I was seven when I first made the connection that stories did not just fall straight out of thin air, but they were crafted and curated by people – grown-ups, typically. When I was told to write my first short story in the second grade that had a requirement of being a minimum of half a page long, typed and double spaced, I couldn’t stop writing mine and it wound up being 14 pages…single spaced.
In childhood, we’re so innocent and free. We don’t understand the rules of society or the structures, laws, and criticisms that come with living in this world. As we grow older and become adults, we’re questioned far more for the decisions we make, especially if that decision is to live a creative life. So in that mindset of being the truest version of myself that was the least bit tainted by the world around me, I decided that I was going to be an author.
It was the year I started writing consistently in my journals, and not just the ones I was told to write in at school. I fell in love with stationary aisles and the feel of a bound book filled with an array of blank pages. I could do whatever I wanted with them. Sometimes I played with colours. I switched from writing horizontally to diagonal. I cut out pictures in magazines and pasted them inside, using those as guides to write stories. I wrote fiction and I wrote about my life, both of which I still do to this day.
There have been periods that I have left my words. That I just couldn’t bare the notion of staring at a blank page because it no longer felt like an open field where my ideas could live inside of. Sometimes, it felt like a burden. Overwhelming, even.
And then I found my way back, time and time again, and I was always met with open arms. There was a time when I tested people in the same fashion: leaving to see how much they really cared. I often found that they never came back to me, even when I was ready to have them. This selfish part of myself, I admit was toxic when it came to dealing with human beings. But with writing, it was different.
Writing didn’t care. It never had an ego attached to it. It was forgiving, loving, and kind. It allowed me to be whoever I needed to in the moment, and then it allowed for me to let it go. It waited patiently, sometimes egging me on to come take a seat and try it out again. Just get a small taste, that’s all. At times, I wasn’t ready to commit, and others, I just fell right back in love.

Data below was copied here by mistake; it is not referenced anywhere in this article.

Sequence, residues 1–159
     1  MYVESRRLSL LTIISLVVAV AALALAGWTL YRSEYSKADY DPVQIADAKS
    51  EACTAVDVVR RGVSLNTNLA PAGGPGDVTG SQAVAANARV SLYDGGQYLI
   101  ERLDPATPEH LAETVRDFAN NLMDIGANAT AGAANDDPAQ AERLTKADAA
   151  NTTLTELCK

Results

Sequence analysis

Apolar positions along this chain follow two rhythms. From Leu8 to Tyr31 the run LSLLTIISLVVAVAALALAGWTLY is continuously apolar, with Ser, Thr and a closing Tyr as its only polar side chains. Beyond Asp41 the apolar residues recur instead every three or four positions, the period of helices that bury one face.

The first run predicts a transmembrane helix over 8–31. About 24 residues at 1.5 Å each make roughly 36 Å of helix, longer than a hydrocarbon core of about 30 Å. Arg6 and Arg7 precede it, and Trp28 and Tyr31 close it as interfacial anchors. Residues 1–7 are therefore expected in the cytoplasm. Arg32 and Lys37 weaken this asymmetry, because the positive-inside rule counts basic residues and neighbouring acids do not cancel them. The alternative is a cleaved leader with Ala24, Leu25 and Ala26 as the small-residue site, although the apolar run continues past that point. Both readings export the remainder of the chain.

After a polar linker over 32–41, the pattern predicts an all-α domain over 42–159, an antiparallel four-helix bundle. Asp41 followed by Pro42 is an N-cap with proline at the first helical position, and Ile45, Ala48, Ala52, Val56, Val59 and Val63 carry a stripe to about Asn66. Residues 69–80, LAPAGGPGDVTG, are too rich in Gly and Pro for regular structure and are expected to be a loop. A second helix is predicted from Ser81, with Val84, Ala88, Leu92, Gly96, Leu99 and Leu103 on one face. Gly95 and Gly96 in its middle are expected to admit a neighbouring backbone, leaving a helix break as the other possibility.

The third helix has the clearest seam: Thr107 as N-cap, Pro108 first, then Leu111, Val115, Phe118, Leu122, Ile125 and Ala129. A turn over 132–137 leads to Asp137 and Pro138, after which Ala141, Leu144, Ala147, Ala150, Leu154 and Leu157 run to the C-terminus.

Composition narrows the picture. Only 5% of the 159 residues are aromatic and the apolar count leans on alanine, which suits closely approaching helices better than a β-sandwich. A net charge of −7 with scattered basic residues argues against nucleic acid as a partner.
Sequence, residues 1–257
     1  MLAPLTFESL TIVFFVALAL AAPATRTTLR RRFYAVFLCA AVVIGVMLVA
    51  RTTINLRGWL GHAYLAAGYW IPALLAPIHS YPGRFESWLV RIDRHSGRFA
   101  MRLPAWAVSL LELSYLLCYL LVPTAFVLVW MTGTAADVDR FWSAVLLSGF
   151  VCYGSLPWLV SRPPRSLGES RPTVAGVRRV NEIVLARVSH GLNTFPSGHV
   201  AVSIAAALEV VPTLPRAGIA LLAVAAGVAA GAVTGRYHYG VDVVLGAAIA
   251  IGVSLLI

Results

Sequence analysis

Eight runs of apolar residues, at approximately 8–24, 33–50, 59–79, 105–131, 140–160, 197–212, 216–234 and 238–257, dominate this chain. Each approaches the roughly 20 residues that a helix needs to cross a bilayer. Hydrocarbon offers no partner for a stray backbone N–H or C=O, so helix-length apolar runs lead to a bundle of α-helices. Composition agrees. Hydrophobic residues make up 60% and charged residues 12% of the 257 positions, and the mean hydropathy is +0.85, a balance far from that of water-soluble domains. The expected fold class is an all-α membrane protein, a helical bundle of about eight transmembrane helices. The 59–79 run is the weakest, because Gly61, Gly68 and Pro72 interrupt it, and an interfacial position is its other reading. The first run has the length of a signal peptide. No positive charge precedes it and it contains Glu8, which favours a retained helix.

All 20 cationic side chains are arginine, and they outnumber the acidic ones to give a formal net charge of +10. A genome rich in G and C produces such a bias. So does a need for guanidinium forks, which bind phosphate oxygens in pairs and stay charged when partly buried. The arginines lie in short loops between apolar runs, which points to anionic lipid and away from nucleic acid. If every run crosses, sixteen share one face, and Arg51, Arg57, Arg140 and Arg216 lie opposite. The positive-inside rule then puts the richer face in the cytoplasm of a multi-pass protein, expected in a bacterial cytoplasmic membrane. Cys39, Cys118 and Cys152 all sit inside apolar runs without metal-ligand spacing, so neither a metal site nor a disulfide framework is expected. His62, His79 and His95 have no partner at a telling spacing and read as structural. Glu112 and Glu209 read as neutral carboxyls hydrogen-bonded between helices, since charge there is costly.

Being a highly sensitive person, the only way I have found that I can make sense of how I feel is to write it down. To dive so deep into a whirlpool of words and to leave my all-consuming thoughts behind. To string pieces together and craft them into something that makes someone feel. I could spend all my life doing that, and so far, I have.
I have never asked anything from writing other than to be there, which it has never failed to do. I never asked it to make me money. I never asked it to bring me joy. I never even asked it to be good. I just wanted it to want me back, and it did. It always did.
Everything in my life has at one point or another, felt unstable. People left and came back. Friendships ended and new ones formed. Relationships fled and people wavered. Everything was always uncertain, and often times I just wanted to be chosen and to choose back without any conditions or transactions. For a lot of my adolescent years, I craved love – finding it, holding on to it, capturing it, feeling it. I wanted it so bad, and I had it all along.
Writing has always chosen me back, even when I was conflicted or apprehensive. Even when I needed time and space. Even when I couldn’t give back to it the love that it gave me.
And to that, I owe it my everything.
To the words that strung me together time and time again, I will never take you for granted and I will always choose you first.